If you’re familiar with the surreal cinematic stylings of Dominique Abel and Fiona Gordon, then you have an idea of what sort of treat’s in a store while watching Lost in Paris. The talented husband and wife team wrote, directed and co-star in their latest magical escape into the theater of the absurd.
The movie might best be described as a cross of Wes Anderson and Charlie Chaplin, as it is an unconventional, visually-captivating affair featuring little in the way of dialogue on the part of the mime-like leads. The lithe-limbed, rubber-faced duo entertain far more with their movements and expressions than with words.
The film unfolds in Canada about a half-century ago, which is where we find Fiona (Gordon) bidding farewell to her beloved Aunt Martha (recently-deceased Emmanuelle Riva) who is moving to Paris. Fast-forward to the present when Fiona, now a librarian, receives an urgent appeal for assistance from her 88-year-old aunt.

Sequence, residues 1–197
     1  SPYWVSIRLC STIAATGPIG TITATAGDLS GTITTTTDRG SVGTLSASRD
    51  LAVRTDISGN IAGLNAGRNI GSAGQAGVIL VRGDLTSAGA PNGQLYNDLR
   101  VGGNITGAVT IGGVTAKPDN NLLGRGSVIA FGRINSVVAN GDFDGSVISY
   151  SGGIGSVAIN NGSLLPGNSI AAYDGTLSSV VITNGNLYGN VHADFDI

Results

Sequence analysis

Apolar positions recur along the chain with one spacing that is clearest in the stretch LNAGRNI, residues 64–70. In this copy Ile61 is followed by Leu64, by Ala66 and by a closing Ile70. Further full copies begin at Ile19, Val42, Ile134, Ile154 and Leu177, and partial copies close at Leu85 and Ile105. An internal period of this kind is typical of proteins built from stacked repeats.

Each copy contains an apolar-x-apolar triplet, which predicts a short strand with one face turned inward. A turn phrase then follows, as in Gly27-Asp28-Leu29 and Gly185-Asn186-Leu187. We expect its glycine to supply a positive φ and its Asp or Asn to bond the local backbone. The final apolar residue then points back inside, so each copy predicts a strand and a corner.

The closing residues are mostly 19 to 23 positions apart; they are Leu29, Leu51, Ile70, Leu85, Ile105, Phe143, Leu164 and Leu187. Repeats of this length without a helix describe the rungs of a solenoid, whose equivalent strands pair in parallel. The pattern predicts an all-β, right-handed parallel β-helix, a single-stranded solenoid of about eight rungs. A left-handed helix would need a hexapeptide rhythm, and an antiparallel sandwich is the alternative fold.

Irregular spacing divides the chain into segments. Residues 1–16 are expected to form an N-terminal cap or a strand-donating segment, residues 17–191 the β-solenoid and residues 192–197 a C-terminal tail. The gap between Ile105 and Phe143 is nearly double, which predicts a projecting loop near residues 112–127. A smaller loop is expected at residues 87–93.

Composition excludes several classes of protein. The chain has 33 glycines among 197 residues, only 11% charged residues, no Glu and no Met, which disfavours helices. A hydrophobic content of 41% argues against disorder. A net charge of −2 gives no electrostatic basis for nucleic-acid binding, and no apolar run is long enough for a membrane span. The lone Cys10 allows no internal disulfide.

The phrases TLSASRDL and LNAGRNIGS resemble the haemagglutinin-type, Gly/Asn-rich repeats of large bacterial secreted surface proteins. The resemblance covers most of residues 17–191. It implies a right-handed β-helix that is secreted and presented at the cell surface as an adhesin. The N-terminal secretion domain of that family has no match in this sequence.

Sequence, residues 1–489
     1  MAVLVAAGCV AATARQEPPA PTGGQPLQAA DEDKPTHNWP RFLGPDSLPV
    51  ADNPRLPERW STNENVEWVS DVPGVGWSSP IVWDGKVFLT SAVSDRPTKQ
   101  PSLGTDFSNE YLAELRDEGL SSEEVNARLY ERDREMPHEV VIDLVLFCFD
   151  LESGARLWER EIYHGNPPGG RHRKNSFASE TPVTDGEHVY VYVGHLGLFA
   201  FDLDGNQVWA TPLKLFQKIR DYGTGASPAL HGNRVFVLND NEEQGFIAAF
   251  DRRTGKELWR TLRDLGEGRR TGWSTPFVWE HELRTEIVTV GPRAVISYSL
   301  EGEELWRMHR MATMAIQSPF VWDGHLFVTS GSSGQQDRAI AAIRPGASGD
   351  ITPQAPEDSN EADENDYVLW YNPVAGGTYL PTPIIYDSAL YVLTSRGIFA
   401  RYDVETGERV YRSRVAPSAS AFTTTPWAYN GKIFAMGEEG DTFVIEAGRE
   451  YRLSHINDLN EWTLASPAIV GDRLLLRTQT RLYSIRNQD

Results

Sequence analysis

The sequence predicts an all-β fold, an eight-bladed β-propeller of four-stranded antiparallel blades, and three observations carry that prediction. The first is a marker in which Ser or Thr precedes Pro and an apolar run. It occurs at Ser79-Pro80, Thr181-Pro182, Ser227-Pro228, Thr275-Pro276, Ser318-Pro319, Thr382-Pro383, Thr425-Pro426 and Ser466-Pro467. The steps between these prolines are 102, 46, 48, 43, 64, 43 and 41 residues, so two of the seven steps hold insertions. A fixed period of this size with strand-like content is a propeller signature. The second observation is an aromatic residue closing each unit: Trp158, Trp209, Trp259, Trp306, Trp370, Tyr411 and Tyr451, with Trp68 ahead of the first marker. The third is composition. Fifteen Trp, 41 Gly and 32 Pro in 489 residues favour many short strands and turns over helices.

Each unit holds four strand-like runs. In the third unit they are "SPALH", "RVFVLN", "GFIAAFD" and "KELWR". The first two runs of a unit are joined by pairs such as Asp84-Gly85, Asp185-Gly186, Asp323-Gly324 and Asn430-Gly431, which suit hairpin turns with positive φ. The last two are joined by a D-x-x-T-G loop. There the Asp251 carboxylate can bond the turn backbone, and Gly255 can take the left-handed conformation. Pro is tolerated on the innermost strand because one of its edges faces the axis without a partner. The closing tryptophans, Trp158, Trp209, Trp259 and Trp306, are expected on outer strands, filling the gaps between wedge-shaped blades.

In the letter, Martha complains that they’re trying to move her into an assisted-living facility for old folks. But the feisty free spirit will have none of it.
Fiona dutifully springs into action and the next thing you know she’s landed in France sporting a bright orange backpack festooned with a Canadian flag. Her troubles start right off the bat when she gets stuck in a subway turnstile thanks to that oversized valise.
The slapstick escalates further when the weight of the knapsack causes her to topple into the Seine while posing for a photo on a bridge. She has to shed the bag to survive the ordeal and ends up separated from all her possessions, including her passport, cell phone, cash, and clothes.
It is in these dire straits that Fiona crosses paths with Dom (Abel) an amorous hobo living in a tent pitched along the banks of the river who soon becomes hopelessly smitten. So, Fiona finds herself having to fend off the advances of an ardent admirer while frantically searching for her missing aunt.
The ensuing chase proves every bit as charming and sublime as it is hilarious and implausible. A disarmingly-endearing homage to the Silent Film era!